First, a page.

I just returned from Walt Disney World, where I ran in the half-marathon. Let me say right up front that I was really worried that I wouldn't make it. I had not done as much training as I would have liked in the month leading up to the race because of all the blasted cold weather and tons of snow in Virginia.
That being said, I did finish and it was one of my proudest Disney moments. If you're thinking about the half-marathon (or the full), I strongly encourage you to go for it! It is an amazing experience! I will have a more detailed post about my half-marathon later this week.
Now for this week's tip, and I'm afraid that it's a bit late, now that the weather is starting to warm up.
While I was at WDW with my family and many good friends, we all were flat out FREEZING the entire time, especially while waiting at the start of the half-marathon. At one point, it started snowing. Yes, I said SNOW. While I was trying to stay warm at the start, my wife and kids were standing along the side of the road in the sleet and snow in front of the Contemporary.
What surprised me the most was how many people took the warmer Florida weather for granted. Sure, the temperatures often get into the upper 70's and even 80's during this time of year, but just as often, the mercury can dip into the 40's or even 30's. Of course, last week it was in the mid-20's, which created all kinds of problems, especially for orange growers.
So what do you do when it's this cold outside? First (and here's where that planning word comes back), you must check the forecast before you head to Orlando. Don't assume that the Sunshine State also is a warm state. Here are a few resources to check the weather forecast:
If you happen to get caught in the parks when temperatures get chilly and you're not prepared for it, you need to re-think your touring strategy, especially if it's a bit windy as well. For sure you want to think twice about attractions that expose you to the cold air. The following attractions may not be a good idea:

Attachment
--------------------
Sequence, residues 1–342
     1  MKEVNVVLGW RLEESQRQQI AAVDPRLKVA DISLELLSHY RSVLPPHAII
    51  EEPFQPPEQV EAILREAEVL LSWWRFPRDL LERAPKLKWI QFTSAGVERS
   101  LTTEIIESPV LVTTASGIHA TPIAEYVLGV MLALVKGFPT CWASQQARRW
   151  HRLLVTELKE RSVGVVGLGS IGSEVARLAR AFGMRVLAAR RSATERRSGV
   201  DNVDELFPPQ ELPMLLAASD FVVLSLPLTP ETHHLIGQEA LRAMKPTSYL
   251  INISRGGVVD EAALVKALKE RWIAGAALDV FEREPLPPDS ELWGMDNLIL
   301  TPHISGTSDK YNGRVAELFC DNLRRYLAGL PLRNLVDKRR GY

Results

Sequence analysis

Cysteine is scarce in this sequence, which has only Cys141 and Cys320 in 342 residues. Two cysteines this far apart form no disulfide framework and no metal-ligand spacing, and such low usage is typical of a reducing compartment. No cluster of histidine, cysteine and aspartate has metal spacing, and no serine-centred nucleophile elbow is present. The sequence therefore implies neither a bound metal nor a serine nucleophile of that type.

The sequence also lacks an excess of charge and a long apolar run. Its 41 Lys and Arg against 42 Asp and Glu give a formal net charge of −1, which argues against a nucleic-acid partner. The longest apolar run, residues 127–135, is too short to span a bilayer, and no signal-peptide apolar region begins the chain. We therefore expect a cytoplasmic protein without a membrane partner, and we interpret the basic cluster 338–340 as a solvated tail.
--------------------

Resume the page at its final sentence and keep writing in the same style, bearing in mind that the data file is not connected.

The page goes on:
- Magic Kingdom: Splash Mountain, Astro Orbiter, Big Thunder Mountain, Dumbo, Aladdin's Magic Carpets, Barnstormer, Tomorrowland Speedway, The Tomorrowland Transit Authority and maybe the Jungle Cruise and the WDW Railroad
- Epcot: Test Track (sure most of it's inside, but it can get extremely cold during that 62+ mph lap outside in an open-air car)
- Hollywood Studios: Backlot Tour, Indiana Jones Stunt Spectacular, Beauty and the Beast on Stage, Jedi Training Academy, Honey I Shrunk the Kids set
- Animal Kingdom: Kali River Rapids (you're insane if you ride this in cold weather), Expedition Everest, Primeval Whirl, Triceratops Spin, Boneyard and most of the trails
As you can see, your best park to visit when it's cold is Epcot. That's because most attractions are inside and, therefore, are heated. The one caveat to Epcot is World Showcase. Most people do a lot of walking around the pavilions, which means staying out in the cold and wind. The park to avoid the most when it's cold is Animal Kingdom. Just about everything is outdoors, so there are not many options to get out of the cold.
As a general rule, try to follow some of the same tips as rainy days in a park -- go from covered location to covered location and try not to linger outside. This is especially true when it's cold. It's a lot harder to warm up from being cold than to dry off when it's hot but rainy.
Finally, it's important to dress in layers. Don't just put on a huge bulky sweater and head out for the day. Instead, put on a shirt, a sweater and a coat. If you're in an attraction, store or restaurant where it's warm, you can take off the coat and still be properly dressed.
Oh, and don't forget that Walt Disney World has plenty of places to get a hot cup of coffee or hot chocolate!